Should we stop talking about “minor figures”?

Every now and then, I hear someone mentioning that they work on “minor figures” in the history of philosophy. For reasons not entirely clear to me, the very term “minor figures” makes me cringe. Perhaps it is the brutally belittling way of picking out the authors in question. Let’s face it, when we’re speaking of “minor figures” we don’t necessarily mean “unduly underrated” or “neglected”. At the same time, the reasons are not clear to me indeed, since I know perfectly well that especially people who work on them do anything but belittle them. Nevertheless, the use of the term indicates that there is something wrong with our historiographical and linguistic practice. In what follows, I want to have a stab at what’s wrong, first with “minor”, then with “figures”.

Let me begin by saying that I deem most of the work done on “minor figures” very important and instructive. Projects such as Peter Adamson’s “History of Philosophy without any Gaps” or Lisa Shapiro’s and Karen Detlefsen’s “New Narratives” constantly challenge our canon by providing great resources. What’s wrong with the talk of “minor figures” then? I guess the use of the term “minor” confirms the canonical figures in their role as “major figures” or even geniuses. Even if I shift the focus to some hardly known or even entirely anonymous person, the reference to them is mostly justified by being an “interlocutor” of a “major” figure. Who begins to study Walter Chatton not because of William Ockham or Burthogge not because of Locke? The context that these minors are supposed to provide is still built around an “absurdly narrow” set of canonical figures. But even if researchers might eventually study such figures “in their own right”, the gatekeeping practice among book and journal editors doesn’t seem to change anytime soon. In other words, attempts at diversification or challenging of the canon paradoxically stabilize it.

Now you might argue that there is good reason to focus on major figures. Presumably they are singled out because they write indeed the best texts, raise the most intriguing issues, present the best arguments or have the greatest impact on others. Although I don’t want to downplay the fact that most canonical authors are truly worth reading, we simply aren’t in a position to know. And you don’t even need to pick hardly known people such as Adam Wodeham or Giovanni Battista Giattini. Why not prefer Albert the Great over the notorious Aquinas? Why not read Burthogge or Zabarella in the first-year course? Really, there is nothing that would justify the relatively minor status irrespective of existing preferences.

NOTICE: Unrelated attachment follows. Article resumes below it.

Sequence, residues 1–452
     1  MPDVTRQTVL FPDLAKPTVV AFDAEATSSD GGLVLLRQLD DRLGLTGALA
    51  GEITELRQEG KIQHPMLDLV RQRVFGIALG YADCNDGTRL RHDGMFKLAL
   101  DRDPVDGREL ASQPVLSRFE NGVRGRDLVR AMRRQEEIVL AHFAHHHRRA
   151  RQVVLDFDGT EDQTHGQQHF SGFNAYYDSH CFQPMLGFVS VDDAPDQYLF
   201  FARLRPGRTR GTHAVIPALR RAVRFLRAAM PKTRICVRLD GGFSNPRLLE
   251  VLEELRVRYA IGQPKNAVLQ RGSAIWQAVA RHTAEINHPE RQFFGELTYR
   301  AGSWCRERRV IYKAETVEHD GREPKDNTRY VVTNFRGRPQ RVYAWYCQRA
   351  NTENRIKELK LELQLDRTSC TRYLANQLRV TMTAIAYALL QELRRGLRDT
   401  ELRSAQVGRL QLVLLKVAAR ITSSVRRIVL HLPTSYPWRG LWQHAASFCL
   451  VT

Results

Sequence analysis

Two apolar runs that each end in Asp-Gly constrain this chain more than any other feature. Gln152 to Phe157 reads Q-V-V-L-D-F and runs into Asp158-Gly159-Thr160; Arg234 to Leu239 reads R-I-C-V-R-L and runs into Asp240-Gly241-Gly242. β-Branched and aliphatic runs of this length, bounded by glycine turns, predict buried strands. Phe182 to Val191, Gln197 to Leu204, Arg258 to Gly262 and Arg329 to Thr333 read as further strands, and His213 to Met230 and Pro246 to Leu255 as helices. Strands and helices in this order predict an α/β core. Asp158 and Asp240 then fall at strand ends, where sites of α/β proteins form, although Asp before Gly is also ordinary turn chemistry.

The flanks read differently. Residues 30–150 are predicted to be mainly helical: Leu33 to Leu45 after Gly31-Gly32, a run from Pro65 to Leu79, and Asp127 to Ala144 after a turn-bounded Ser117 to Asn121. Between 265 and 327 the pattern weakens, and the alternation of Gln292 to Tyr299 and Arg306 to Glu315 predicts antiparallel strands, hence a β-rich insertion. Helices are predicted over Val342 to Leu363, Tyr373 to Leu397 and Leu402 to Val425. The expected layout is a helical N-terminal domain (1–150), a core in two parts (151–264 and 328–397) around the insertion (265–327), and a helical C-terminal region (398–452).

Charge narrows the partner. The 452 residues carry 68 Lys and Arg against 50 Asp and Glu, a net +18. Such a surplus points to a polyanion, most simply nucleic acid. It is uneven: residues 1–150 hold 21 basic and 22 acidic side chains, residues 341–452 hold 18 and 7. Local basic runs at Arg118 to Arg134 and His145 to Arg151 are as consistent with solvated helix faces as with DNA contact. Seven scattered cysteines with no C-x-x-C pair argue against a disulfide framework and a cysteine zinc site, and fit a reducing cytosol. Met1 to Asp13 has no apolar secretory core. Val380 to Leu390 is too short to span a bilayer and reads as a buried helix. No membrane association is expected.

But perhaps the central worry is not the talk of “minor”. What seems worse is the fact that we focus so much on figures rather than debates, questions or topics. Why not work on debates about intentionality or social justice rather than Plato or Sartre? Of course you might indeed have an interest in studying a figure, minor or major. But unless you have a particular biographical interest, you might, even as a dedicated historian of philosophy, be more likely to actually focus on a topic in a figure or on the debate that that person is participating in. I see two main reasons for shifting the focus from figures to debates. Firstly, philosophy does not really happen within people but between them. Secondly, the focus on a person suggests that we try to figure out the intention of an author, but unless you take such a way of speaking as a shorthand for textual analysis, your object of study is not easily available.

By the way, if we shift the focus from people to debates, we don’t need the distinction between minor and major any longer. When I studied Locke, it became natural to study figures such as Burthogge. When I studied Ockham, it became natural to study figures such as Adam Wodeham or various anonymi. But perhaps, you might argue, our reason for focussing on figures is more human: we’re interested in what people think rather than in the arguments in texts alone. When we make assumptions, we think along with people and try to account for their ideas as well as their shortcomings and inconsistencies. But even if that is true, we shouldn’t forget that people are not really ever geniuses. Their thoughts mature in dialogue, not least in dialogue with minor figures such as ourselves.

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